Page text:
The program is suppose to read from a text and count each letter of the alphabet and the counter_other counts everything else except whitespace. I'm having trouble putting this together, especially the switch. We have not gone over strings yet in class so I don't think I'm suppose to use it in the program.

using namespace std;
void readData(istream &, int []);
void initialize(int[], int);
void printResults(ostream &, int []);
const int SIZE= 27;
int  main()
     int letterCount[SIZE];
     char index;
     ifstream infile;
     ofstream outfile;

     initialize(letterCount, SIZE);
     readData(infile, letterCount);
     printResults(outfile, letterCount);


return 0;

void initialize(int letterCount[], int n)
     for(int i=0; i<SIZE; i++)
     letterCount[i] = 0 ;

void readData(istream &in, int letterCount[])
     int counter=0;
     char index;
     index = in.get();
     in>>index; // priming read
         while(index) // while last read was successful

                in>>index; // get next character       
                  if(index=0; index<27; index++)   

                       case 'A': counter[0]++; break;          
                       case 'B': counter[1]++; break;           
                       case 'C': counter[2]++; break;           
                       case 'D': counter[3]++; break;            
                       case 'E': counter[4]++; break;           
                       case 'F': counter[5]++; break;            
                       case 'G': counter[6]++; break;            
                       case 'H': counter[7]++; break;            
                       case 'I': counter[8]++; break;            
                       case 'J': counter[9]++; break;            
                       case 'K': counter[10]++; break;            
                       case 'L': counter[11]++; break;            
                       case 'M': counter[12]++; break;            
                       case 'N': counter[13]++; break;            
                       case 'O': counter[14]++; break;            
                       case 'P': counter[15]++; break;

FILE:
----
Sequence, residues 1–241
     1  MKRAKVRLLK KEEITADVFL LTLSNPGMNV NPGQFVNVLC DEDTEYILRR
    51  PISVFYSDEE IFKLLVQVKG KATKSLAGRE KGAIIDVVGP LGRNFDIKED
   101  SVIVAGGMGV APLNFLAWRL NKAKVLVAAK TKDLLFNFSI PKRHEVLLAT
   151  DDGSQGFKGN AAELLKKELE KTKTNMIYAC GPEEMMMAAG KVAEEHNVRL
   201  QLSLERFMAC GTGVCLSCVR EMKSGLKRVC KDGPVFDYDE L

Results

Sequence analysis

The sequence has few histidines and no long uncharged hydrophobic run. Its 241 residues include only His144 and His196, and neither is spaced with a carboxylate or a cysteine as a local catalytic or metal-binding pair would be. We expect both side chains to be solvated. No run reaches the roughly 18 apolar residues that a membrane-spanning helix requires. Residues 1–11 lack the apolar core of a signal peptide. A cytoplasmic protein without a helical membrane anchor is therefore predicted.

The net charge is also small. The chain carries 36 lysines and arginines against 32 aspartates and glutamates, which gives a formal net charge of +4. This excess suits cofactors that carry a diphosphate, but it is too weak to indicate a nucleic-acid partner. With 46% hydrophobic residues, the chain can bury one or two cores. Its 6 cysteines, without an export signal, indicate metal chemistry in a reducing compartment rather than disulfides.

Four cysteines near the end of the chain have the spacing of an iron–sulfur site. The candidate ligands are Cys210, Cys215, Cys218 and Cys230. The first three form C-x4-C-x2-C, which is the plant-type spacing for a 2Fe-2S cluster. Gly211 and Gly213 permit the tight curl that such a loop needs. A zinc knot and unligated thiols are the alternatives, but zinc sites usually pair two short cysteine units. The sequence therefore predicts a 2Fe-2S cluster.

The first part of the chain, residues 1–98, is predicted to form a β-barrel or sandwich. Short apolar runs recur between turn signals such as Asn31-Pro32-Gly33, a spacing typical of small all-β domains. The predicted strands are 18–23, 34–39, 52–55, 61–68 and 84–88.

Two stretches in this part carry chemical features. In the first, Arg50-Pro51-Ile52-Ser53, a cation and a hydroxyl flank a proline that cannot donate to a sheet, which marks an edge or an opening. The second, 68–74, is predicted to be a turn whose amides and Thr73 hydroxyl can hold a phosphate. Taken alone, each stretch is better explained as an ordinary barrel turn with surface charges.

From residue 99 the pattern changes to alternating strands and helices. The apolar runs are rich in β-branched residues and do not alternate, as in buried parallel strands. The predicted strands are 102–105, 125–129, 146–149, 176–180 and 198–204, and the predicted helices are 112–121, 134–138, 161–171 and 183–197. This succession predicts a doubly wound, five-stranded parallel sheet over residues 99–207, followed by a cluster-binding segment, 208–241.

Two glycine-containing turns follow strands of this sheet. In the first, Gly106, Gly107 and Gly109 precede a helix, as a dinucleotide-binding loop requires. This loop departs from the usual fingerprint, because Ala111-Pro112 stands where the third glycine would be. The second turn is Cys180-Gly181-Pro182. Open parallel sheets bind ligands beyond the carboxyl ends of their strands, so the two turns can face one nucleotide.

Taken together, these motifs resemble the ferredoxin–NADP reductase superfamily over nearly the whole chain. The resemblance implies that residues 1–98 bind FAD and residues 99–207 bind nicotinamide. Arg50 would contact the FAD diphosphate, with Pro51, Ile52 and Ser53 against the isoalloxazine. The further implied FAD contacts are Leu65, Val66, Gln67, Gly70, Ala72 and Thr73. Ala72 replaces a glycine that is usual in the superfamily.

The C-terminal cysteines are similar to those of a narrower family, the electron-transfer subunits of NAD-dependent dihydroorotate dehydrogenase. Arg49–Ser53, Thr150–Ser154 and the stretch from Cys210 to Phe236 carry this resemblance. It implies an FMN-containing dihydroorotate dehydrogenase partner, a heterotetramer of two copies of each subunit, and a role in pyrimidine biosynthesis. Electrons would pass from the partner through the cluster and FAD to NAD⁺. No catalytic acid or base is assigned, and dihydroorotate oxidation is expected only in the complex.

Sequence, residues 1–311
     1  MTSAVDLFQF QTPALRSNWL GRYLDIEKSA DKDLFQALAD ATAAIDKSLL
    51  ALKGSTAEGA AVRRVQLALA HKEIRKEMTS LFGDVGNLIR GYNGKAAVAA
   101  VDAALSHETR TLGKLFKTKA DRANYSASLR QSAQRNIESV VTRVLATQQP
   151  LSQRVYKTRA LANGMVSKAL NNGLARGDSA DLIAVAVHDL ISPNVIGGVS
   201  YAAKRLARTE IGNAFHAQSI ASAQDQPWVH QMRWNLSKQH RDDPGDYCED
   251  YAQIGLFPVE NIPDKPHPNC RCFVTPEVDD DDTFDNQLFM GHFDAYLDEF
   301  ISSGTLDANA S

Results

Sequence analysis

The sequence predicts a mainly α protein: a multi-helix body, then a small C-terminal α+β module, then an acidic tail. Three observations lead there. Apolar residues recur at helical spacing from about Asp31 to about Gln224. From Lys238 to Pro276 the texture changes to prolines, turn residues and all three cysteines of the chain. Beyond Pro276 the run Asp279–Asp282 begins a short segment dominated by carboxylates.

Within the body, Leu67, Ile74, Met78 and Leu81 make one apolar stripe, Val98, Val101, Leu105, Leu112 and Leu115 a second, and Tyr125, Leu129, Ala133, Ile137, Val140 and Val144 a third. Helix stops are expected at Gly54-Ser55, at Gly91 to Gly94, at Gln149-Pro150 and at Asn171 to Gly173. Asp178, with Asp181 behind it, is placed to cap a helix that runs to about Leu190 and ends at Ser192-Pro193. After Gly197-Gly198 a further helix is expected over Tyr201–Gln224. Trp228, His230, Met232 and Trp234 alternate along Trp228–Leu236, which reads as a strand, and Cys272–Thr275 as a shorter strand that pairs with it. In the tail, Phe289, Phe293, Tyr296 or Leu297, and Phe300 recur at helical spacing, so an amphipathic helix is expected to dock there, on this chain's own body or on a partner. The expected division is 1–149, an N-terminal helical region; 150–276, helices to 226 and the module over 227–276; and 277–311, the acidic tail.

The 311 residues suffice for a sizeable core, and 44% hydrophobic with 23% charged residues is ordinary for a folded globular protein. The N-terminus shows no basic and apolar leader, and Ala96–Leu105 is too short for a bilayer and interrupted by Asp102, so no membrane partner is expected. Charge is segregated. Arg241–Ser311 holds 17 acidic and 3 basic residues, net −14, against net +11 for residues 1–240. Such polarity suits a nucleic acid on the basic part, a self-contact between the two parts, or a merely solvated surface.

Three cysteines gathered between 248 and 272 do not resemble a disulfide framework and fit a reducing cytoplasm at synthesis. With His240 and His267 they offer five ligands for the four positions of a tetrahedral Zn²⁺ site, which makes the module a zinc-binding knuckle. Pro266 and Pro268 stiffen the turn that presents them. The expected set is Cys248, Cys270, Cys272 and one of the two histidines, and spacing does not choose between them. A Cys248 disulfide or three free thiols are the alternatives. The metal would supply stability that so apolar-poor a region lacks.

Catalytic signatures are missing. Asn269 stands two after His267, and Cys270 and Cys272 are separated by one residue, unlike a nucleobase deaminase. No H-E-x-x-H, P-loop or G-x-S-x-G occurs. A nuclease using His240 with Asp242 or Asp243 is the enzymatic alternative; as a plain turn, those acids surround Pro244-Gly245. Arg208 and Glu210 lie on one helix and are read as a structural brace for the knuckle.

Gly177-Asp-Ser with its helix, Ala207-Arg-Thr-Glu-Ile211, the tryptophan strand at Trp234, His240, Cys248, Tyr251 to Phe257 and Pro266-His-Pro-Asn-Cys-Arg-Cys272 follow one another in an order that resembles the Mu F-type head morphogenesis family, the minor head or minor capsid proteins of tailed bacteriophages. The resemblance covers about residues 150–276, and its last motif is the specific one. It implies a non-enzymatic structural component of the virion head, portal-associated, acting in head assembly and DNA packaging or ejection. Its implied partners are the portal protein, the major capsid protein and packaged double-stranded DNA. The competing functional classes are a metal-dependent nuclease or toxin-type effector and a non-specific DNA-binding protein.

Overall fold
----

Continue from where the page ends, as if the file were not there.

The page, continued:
case 'Q': counter[16]++; break;            
                       case 'R': counter[17]++; break;            
                       case 'S': counter[18]++; break;            
                       case 'T': counter[19]++; break;           
                       case 'U': counter[20]++; break;            
                       case 'V': counter[21]++; break;            
                       case 'W': counter[22]++; break;            
                       case 'X': counter[23]++; break;            
                       case 'Y': counter[24]++; break;            
                       case 'Z': counter[25]++; break;           
                       default : counter[26]++; break;



void printResults(ostream &out, int letterCount [ ] )// Prints each alphabet character and its frequency
     ofstream outfile("C:/Users/gina 0/Documents/histogram.txt");
     outfile<< " LETTER "<< " OCCURRENCES "<< " PERCENTAGE " <<endl;
     for (int i = 0; i < 26; i++)   
         if (letterCount[i] > 0)    
             outfile << letterCount[i] << " " << char('A' + i) << endl;


This is a very simple programming problem which can be done with only 8 lines of code! All you have to do is create an array of 255 ints then use each letter of the string as an index into the array. So if you have 'A' then all you have to do is increment counts. Yes, you do not really need all 255 array elements, but it makes the program a lot more efficient if you use it.

The instructions say you only count the number of alphabetical characters -- 'A'-'Z' and 'a'-'z'. The macro isalpha will help you do that

// assuming a variable named string
if( isalpha(string[i]) ) 
   // increment the counter

Finally, to print out the results, just loop through the array and for those values greater than 0 print the value of the loop counter cast as char, and the value of the counters array.


Please ask more questions if you are still having problems with this -- someone is likely to answer them.